Energy & Environment

13 Michigan water systems fail excessive lead test: report

More than a dozen water systems in Michigan were found to have excessive lead compared to federal standards in the second half of 2018, according to a new report.

The 13 systems that failed the federal test were throughout the state, MLive reported Friday, citing data it had obtained from the Michigan Department of Environmental Quality.

One water system served fewer than 100 homes, while another served a city of about 22,000 people. Seven systems were found to have lead levels twice as high as will be legal in Michigan starting in 2025, according to the report.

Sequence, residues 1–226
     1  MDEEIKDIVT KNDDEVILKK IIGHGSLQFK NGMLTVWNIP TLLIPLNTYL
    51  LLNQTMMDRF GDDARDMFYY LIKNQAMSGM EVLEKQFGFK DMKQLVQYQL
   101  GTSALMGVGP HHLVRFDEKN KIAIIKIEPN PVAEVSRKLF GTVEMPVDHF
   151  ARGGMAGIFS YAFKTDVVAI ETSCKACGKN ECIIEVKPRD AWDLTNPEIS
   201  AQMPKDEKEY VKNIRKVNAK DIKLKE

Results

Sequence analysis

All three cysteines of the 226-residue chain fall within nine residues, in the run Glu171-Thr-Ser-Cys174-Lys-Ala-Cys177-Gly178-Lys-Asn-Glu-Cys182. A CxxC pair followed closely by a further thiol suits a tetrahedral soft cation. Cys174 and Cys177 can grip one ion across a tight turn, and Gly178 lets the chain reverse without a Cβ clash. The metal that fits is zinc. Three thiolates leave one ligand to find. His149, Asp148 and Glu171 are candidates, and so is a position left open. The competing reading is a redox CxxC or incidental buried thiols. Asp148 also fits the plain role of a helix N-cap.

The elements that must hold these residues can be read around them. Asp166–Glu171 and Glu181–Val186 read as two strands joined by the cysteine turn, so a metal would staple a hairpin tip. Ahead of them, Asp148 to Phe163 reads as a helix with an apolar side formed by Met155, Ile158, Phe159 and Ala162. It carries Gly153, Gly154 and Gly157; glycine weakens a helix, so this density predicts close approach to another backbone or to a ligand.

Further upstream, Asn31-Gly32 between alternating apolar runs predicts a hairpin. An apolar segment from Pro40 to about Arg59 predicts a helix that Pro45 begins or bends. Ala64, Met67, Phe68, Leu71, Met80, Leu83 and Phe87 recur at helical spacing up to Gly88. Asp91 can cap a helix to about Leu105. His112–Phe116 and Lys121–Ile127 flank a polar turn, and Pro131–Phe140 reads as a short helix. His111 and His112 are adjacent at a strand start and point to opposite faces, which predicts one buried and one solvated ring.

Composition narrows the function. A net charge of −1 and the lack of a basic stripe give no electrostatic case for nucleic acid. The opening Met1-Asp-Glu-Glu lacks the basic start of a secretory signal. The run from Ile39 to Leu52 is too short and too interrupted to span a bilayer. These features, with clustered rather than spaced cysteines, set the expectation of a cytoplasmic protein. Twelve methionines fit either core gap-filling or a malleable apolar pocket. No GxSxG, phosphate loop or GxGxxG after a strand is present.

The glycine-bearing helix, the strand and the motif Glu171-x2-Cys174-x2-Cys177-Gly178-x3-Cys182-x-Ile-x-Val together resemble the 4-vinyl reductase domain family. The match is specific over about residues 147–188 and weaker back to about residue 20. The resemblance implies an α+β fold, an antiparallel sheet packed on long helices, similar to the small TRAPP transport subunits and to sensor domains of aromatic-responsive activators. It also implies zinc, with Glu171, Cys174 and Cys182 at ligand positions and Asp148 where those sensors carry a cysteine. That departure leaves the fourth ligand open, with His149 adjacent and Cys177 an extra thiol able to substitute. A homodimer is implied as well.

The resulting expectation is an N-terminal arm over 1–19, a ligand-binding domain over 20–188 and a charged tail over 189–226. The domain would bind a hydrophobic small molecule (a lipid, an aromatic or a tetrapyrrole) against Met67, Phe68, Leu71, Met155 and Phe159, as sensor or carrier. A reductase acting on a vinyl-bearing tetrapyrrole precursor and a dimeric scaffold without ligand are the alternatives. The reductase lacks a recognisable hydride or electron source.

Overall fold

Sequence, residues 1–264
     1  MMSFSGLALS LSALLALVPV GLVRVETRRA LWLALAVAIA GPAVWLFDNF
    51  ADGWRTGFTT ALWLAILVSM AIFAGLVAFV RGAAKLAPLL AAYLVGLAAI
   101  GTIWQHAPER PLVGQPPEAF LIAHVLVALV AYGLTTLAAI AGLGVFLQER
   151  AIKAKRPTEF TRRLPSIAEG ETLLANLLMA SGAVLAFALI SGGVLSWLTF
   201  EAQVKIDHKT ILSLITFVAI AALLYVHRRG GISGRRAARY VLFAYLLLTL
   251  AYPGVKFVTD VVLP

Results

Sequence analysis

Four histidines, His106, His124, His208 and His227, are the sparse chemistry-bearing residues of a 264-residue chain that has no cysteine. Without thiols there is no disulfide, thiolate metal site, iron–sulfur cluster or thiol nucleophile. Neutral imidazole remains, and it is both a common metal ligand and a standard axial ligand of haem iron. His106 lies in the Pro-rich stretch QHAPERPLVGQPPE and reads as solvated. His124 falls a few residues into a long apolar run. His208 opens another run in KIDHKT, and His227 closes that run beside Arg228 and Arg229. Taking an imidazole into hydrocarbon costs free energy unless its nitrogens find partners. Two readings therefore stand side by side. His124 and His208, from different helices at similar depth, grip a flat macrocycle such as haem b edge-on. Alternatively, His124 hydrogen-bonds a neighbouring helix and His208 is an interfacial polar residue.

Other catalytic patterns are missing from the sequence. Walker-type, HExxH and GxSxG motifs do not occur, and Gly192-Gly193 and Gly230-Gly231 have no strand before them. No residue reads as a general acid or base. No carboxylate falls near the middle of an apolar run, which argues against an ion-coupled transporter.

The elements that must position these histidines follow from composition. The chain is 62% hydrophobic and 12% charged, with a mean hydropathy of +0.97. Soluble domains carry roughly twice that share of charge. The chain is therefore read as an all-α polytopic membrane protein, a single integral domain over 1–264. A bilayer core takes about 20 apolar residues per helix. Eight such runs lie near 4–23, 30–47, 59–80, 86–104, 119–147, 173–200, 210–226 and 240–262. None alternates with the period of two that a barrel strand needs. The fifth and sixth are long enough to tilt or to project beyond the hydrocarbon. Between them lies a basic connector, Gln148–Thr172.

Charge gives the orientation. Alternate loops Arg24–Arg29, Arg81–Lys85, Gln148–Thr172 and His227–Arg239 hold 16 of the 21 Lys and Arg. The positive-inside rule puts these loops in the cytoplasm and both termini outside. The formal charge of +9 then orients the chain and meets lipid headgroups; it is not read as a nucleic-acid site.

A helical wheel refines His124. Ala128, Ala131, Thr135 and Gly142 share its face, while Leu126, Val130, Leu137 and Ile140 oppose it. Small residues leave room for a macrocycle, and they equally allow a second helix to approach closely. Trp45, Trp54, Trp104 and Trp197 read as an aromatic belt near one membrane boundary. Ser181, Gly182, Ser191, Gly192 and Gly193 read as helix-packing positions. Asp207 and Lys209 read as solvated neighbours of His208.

The maximum legal level of lead in the U.S. is 15 parts per billion (ppb). In Michigan, 27 systems were found to have lead levels of at least 13 ppb, MLive reported.

Michigan last year began enforcing the strictest rules for lead in drinking water in the country following the water crisis in Flint. The state said it would limit lead to 12 ppb in 2025.

Flint appeared to have safe lead levels in the latest test of its water. Ninety percent of water samples tested in the city in the latter half of 2018 had lead levels of four ppb or less.

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